Information Technologies (ICT), Network Organizations, and Information Systems for Business Cooperation: A Focus on Organization and Strategic Knowledge Management

Information Technologies (ICT), Network Organizations, and Information Systems for Business Cooperation: A Focus on Organization and Strategic Knowledge Management

Antonio-Juan Briones-Peñalver (Polytechnic University of Cartagena, Spain) and José Poças Rascão (Polytechnic Institute of Setúbal, Portugal)
DOI: 10.4018/978-1-4666-4562-2.ch015
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Abstract

Information Technologies (ICT) have developed systems and network organizations that foster the creation of resources for company management. The establishment of strategic alliances and business cooperation systems has been encouraged by ICT and information systems management. This focus on organization and strategic knowledge management shows the capabilities they provide in managing organizations’ intangible assets, information and knowledge, since they are a competitive advantage. Network organizations, intercompany systems, cooperation, and alliances with the support of ICT are the paths to enterprises growth and development.
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Introduction: The Development Of Ict And Network Organizations

The globalization of the economy, the knowledge society and the development of telecommunications are turning the world into a single space and an instant virtual reality. Starting from the “system theory” we can approach the world of Information Technologies (hereafter ICT) and regard it as a vast network of interconnected systems with subsystems and in turn with the components of each one of them which influence each other.

In the words of Bueno (2000), “it has been evident over the last century that without the contributions of Einstein and scientific development that they have caused we would not be talking about the Information Society today.” As a consequence of it, over the past three decades we have seen a great scientific and from the academic community interest with the publication of studies, which predicted an increase and improvement of the results in those companies which invested in Information Technologies (ICT), associating recently the investment in ICT with positive effects in organizations, apart from the alignment between business strategy and Information Systems for Management. It is also remarkable other works on the zero, even negative productivity growth in ICT intensive firms (Brynjolfsson and Hitt, 2000).

The time variable forces to raise the two following premises in the universe of permanent and instant connections linking ICT: (1) changes occur in an accelerated manner. Organizations able to evolve and adapt to the market, are the ones most prone to accept changes. (2) The response must be immediate. The organization achieving success will be the best prepared to deal with the element of surprise (Cegarra et al., 2007).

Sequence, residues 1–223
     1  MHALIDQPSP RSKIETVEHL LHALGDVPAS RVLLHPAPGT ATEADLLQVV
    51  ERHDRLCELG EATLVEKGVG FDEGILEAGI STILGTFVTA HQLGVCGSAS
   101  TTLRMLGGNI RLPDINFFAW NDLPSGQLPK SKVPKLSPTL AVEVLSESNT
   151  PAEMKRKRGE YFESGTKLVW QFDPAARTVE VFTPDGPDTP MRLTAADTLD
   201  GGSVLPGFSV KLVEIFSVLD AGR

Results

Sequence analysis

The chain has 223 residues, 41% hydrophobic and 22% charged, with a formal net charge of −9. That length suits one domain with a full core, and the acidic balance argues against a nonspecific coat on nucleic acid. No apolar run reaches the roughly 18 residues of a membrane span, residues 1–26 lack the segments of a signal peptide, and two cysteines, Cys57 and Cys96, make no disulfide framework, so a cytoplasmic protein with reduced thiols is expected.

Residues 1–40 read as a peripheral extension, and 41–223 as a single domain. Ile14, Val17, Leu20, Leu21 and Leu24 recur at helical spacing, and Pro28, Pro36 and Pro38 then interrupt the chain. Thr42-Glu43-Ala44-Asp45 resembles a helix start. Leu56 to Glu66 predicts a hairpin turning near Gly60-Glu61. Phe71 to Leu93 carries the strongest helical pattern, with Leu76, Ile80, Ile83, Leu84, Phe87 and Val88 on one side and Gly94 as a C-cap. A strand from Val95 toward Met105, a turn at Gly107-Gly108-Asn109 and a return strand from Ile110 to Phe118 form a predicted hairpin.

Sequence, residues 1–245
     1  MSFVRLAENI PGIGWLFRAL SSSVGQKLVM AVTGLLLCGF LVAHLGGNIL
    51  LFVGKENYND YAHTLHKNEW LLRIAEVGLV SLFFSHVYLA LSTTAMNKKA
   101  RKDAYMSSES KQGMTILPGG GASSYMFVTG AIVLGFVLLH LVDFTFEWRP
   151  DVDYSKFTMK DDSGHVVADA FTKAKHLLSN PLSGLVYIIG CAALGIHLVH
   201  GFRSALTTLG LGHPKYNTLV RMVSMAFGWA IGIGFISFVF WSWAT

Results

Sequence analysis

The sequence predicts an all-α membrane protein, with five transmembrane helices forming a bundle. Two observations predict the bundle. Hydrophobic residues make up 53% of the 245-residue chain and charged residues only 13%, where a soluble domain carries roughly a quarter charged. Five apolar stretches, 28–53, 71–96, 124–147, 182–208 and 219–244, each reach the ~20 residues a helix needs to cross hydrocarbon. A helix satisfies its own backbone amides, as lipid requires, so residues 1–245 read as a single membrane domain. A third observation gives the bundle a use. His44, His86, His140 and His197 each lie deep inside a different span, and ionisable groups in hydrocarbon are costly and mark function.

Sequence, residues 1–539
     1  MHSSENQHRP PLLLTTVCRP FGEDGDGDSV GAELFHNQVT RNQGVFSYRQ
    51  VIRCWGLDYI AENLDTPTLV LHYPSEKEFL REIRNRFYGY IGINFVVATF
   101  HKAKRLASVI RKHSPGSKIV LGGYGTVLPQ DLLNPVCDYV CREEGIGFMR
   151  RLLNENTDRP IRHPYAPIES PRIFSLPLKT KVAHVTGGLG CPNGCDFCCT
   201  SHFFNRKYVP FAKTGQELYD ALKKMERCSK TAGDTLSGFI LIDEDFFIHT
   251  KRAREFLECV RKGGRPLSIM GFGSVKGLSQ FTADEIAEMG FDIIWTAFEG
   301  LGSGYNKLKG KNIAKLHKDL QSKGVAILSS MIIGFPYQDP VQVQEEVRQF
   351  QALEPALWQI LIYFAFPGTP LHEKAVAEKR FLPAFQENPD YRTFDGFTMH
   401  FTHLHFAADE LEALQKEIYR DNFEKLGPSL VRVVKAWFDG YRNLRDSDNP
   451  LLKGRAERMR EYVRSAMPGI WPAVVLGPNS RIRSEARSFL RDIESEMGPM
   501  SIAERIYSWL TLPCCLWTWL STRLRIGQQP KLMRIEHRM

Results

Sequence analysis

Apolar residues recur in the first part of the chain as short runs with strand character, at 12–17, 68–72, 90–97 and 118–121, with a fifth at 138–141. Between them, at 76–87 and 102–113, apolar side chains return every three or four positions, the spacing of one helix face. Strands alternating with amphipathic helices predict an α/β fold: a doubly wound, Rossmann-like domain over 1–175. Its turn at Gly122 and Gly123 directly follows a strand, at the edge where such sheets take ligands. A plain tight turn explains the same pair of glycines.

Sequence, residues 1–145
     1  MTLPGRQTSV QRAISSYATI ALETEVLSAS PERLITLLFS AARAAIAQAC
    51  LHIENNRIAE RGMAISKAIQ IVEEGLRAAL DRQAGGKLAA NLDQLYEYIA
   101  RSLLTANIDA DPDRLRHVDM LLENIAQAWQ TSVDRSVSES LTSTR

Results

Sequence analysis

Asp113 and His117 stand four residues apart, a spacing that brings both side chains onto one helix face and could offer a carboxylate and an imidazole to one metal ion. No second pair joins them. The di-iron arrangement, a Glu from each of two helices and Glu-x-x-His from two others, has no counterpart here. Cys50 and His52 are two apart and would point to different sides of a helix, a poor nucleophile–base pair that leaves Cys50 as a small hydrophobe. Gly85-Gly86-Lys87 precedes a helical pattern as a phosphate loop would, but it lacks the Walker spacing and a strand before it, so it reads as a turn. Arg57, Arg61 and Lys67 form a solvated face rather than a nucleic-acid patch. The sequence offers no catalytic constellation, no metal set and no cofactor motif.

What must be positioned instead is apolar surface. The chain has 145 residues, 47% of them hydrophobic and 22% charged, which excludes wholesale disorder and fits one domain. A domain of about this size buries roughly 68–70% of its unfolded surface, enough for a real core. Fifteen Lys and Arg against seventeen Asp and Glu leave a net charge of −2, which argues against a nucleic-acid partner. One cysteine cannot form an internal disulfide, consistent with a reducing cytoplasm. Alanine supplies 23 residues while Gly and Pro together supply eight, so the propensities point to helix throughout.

According to Rincón (2003), organizations from this perspective relate to each other, creating and extending links between them, even blurring their boundaries in moments of collaboration, existing the possibility of situations of conflict, competition, or monopoly. In this context the “network” is born as a modern organizational form, born to respond to a new management style and a new way of organizing relations between companies. This indeterminacy shows above all a break with the classical theories about the firm and organization (Mendoza and Planellas, 1995).

Organizations are dynamic entities that welcome new individuals within it, see how others leave, establish evolutionary relationships with their environment and change their orientation more or less voluntarily. As we have seen, the function of organization is to establish an intentional structure of roles for members of an organization in order to ensure identification of all tasks necessary to achieve the objectives (Ribeiro, 1992). That is to say, organizing basically means dividing and allocating work among members of the organization. In addition, so that this division will achieve the objectives it is necessary to establish coordination mechanisms.

From the moment the company is considered as conscious organization of individuals willing to comply with their aspirations, is explicitly recognized the conflict of objectives and the differences in knowledge among the participating members. Both elements are key dimensions on which design economic theories and inner workings of organizations revolve (Salas, 1987) and, from this perspective, the important thing is to select those alternatives that solve the constraints due to the situation of partial and asymmetrical knowledge of members, as well as the different interests expressed among them (Saiz and Manzaneda, 1998).

From a strategic point of view the objectives of the company are focused primarily on finding a competitive advantage through cost rationalization, progress against the competition in terms of market needs, quality, design, etc.., and to provide services and products to the market in a fast and competitive way (White et al, 1995).

To achieve these objectives the company has to take two types of strategy: internal and external. In this line, the strategic direction, through external analysis (opportunities and threats) and internal analysis (strengths and weaknesses), plans the action to achieve a competitive advantage and control the system, in order to redesign and restructure the solutions to achieve the objectives.

The organizational structure has been considered in literature as an important mechanism to make the strategy operative (Vickery et al., 1999), constituting an intangible resource of the organization, source of competitive advantages.

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